Measles is a serious illness caused by a virus of the paramyxovirus family. It is a highly contagious infection, spread by droplets, with an incubation period of between 7 and 18 days.

Infected individuals may suffer fever, cough, rash, conjunctivitis, diarrhoea, ear infections and pneumonia. A less frequent but serious consequence of infection is encephalitis, or inflammation of the brain.

Measles kills an estimated 777,000 people, most of whom are children, worldwide each year and also causes permanent disabilities for some of its survivors, including blindness, deafness and brain damage. Complications of the disease are much more common in low-income countries, and in malnourished children, than in industrialized countries.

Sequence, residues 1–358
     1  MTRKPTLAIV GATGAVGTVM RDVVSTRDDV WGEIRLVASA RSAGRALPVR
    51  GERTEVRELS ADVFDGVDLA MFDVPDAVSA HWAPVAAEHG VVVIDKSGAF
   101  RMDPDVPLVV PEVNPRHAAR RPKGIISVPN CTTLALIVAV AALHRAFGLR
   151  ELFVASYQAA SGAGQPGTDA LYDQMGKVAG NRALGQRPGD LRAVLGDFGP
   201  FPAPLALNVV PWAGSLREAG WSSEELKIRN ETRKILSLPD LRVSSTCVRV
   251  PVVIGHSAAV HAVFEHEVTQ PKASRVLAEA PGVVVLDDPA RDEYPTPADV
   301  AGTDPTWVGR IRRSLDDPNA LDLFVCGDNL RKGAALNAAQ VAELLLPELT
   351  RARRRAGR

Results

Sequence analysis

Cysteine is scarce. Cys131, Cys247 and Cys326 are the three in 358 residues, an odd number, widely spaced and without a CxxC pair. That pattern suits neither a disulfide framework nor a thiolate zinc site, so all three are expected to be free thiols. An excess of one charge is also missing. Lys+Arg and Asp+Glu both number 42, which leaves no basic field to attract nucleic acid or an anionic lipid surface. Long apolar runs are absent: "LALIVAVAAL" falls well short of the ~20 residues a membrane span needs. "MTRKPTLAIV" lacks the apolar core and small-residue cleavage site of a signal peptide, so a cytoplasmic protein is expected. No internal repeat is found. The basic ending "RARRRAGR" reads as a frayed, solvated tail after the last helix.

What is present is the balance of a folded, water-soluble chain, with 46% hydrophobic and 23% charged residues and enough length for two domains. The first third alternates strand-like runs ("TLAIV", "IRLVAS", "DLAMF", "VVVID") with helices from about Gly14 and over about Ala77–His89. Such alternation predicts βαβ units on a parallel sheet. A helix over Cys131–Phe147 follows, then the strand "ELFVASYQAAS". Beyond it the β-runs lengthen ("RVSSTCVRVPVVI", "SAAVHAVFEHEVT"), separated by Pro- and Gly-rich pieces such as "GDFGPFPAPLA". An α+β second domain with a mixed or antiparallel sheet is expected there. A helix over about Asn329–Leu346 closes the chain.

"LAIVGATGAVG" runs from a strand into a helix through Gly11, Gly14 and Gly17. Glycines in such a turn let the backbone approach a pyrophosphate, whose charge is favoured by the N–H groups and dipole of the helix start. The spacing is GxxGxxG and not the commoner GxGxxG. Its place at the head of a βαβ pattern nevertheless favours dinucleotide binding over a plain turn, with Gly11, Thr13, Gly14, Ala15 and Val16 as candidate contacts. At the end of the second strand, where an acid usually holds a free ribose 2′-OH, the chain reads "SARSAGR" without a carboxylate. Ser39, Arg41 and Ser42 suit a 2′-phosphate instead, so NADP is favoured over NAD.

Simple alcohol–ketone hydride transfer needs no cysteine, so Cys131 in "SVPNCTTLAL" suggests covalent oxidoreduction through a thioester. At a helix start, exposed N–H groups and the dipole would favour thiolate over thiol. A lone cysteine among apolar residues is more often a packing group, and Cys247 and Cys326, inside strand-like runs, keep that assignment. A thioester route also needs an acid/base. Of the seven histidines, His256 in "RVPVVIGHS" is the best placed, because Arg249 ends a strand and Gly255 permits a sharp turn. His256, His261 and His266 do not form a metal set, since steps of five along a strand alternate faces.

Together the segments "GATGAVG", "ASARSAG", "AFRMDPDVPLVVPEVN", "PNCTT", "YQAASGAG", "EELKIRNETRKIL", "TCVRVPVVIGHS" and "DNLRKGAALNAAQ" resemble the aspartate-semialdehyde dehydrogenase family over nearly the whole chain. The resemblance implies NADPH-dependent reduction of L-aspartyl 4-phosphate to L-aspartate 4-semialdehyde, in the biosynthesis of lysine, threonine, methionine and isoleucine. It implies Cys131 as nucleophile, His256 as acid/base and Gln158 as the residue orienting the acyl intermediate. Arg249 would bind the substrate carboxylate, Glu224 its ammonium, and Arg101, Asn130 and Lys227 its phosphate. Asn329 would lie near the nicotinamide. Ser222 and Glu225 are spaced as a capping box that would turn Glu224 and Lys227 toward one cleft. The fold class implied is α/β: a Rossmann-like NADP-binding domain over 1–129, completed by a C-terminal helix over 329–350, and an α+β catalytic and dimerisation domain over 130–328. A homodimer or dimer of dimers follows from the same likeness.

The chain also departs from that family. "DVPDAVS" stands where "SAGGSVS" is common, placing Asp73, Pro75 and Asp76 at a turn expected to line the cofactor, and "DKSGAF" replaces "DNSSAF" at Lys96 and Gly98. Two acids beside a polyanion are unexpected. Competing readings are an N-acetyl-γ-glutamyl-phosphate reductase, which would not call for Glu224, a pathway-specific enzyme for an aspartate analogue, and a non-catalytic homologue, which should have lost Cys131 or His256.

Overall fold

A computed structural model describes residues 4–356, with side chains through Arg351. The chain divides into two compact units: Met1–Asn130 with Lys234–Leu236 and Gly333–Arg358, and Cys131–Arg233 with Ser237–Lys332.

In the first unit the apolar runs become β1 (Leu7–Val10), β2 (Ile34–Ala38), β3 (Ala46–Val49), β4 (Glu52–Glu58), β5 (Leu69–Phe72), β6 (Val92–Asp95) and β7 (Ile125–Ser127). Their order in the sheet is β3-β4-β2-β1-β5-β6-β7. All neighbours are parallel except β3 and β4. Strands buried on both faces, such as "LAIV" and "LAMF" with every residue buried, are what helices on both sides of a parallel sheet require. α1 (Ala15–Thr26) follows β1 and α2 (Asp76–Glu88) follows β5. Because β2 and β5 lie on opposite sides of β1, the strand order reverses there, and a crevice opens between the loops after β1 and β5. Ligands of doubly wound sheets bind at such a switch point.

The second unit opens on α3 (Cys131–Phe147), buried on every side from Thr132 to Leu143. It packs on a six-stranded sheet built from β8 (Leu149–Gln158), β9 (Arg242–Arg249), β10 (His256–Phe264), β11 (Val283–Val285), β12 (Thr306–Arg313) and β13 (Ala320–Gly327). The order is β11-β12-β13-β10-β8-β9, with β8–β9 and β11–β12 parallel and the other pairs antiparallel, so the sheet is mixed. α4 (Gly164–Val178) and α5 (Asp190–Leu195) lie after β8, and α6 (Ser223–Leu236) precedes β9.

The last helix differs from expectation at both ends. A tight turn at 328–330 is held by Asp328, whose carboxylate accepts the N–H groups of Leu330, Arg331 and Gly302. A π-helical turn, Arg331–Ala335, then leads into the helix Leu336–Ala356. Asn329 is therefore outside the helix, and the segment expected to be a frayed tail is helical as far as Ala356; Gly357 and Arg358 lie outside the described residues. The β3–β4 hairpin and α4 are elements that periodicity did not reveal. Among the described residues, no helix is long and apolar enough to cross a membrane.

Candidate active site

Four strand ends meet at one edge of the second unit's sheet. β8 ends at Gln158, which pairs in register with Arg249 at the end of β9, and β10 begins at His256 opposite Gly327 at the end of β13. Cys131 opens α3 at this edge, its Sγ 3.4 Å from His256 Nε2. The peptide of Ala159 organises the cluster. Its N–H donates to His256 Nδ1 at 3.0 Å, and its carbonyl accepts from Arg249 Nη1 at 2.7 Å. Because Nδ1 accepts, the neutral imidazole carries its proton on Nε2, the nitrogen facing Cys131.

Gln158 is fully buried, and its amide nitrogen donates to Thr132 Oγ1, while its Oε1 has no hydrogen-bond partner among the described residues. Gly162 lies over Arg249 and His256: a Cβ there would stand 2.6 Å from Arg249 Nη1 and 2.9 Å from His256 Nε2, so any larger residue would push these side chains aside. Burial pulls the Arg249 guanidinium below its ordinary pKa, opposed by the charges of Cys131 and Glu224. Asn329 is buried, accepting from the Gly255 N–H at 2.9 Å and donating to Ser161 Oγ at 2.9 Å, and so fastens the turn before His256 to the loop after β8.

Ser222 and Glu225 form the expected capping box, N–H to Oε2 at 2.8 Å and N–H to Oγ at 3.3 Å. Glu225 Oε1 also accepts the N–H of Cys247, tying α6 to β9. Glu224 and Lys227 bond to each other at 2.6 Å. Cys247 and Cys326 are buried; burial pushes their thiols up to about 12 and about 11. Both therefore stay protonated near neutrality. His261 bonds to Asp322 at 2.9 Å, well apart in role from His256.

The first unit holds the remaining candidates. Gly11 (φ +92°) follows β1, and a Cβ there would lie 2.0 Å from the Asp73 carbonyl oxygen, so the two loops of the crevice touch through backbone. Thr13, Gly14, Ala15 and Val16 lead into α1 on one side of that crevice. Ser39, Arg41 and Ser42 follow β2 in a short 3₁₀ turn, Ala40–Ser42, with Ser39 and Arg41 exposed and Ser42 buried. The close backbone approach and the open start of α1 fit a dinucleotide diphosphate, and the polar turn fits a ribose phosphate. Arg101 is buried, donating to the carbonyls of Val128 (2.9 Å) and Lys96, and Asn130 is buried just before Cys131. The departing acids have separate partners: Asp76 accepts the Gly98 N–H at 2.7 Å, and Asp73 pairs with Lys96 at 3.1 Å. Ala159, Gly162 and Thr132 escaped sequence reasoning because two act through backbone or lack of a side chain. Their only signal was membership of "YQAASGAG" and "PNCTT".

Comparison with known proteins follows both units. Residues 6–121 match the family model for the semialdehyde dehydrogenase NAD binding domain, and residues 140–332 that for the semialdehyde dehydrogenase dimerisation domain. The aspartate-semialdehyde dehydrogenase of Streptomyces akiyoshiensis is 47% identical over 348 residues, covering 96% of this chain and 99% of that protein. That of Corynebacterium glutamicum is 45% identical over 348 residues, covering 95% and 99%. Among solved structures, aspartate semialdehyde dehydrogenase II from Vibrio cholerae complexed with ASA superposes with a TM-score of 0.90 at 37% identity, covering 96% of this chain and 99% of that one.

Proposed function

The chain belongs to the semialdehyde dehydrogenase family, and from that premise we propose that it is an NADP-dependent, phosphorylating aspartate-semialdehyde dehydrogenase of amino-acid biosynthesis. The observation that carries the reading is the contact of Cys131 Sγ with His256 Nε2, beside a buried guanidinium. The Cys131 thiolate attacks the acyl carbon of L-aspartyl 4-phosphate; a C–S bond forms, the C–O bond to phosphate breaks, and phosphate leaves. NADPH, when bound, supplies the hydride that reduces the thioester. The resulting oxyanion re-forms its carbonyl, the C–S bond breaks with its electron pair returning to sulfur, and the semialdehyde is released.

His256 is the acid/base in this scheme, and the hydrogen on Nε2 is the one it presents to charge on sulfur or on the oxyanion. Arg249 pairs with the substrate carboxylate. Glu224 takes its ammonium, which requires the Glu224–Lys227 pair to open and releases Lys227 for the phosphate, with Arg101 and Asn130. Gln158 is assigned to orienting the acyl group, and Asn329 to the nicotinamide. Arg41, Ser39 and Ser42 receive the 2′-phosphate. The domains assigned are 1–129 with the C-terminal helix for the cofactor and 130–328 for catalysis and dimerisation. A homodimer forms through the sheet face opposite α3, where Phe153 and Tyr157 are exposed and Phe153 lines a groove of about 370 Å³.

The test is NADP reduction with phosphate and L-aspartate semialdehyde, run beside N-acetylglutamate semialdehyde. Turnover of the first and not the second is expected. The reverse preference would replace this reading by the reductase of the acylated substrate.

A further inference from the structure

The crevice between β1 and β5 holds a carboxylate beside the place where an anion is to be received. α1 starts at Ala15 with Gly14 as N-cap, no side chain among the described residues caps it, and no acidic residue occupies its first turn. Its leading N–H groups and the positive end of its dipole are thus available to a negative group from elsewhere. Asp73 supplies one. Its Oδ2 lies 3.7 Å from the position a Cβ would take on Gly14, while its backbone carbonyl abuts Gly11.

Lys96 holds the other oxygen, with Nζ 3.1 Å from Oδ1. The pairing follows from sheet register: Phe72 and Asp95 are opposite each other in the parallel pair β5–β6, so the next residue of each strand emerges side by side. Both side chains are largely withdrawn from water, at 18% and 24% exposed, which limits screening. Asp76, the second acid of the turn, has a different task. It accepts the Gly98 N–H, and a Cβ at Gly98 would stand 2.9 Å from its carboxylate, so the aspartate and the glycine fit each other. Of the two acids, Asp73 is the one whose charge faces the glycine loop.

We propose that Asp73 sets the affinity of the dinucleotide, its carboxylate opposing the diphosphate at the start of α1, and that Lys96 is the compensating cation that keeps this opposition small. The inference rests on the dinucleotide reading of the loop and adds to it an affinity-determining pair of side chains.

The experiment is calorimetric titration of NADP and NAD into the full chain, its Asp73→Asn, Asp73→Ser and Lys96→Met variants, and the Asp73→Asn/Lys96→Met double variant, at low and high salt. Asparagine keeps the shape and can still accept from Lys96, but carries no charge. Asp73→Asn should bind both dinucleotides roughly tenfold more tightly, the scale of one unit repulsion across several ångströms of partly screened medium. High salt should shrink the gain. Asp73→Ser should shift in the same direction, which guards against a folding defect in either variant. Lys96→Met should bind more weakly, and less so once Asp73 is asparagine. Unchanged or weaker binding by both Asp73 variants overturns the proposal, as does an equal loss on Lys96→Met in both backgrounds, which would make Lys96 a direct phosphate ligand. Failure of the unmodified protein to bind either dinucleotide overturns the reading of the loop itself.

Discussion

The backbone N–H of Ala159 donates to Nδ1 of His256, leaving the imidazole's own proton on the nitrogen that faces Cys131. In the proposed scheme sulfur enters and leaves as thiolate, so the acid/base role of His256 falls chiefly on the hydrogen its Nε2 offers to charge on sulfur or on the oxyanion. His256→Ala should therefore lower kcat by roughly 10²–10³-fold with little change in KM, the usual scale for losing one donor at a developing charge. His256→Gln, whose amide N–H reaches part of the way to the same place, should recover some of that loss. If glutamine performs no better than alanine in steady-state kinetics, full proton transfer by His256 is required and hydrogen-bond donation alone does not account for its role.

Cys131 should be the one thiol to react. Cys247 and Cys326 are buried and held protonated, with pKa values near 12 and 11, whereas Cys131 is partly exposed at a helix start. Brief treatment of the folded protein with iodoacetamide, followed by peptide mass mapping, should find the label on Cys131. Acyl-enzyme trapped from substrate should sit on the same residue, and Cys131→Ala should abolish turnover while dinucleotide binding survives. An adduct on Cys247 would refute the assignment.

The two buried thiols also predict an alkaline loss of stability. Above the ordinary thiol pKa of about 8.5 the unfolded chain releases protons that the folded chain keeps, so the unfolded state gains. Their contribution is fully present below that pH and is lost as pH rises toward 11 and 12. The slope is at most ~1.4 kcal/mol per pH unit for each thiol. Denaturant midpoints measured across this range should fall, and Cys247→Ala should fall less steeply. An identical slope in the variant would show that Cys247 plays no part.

Although there is no specific treatment for measles, the number of cases of illness that prove fatal (between 3 per cent and 5 per cent in developing countries, and up to 30 per cent in some situations) can be reduced by effective case management, including oral rehydration therapy and the use of vitamin A supplements.

For further information see:


More vaccines that are available now





Contact GAVI | Guestbook | Text version | Credits and Copyright

HomeTop of PageDisease InformationReturn to GAVI Press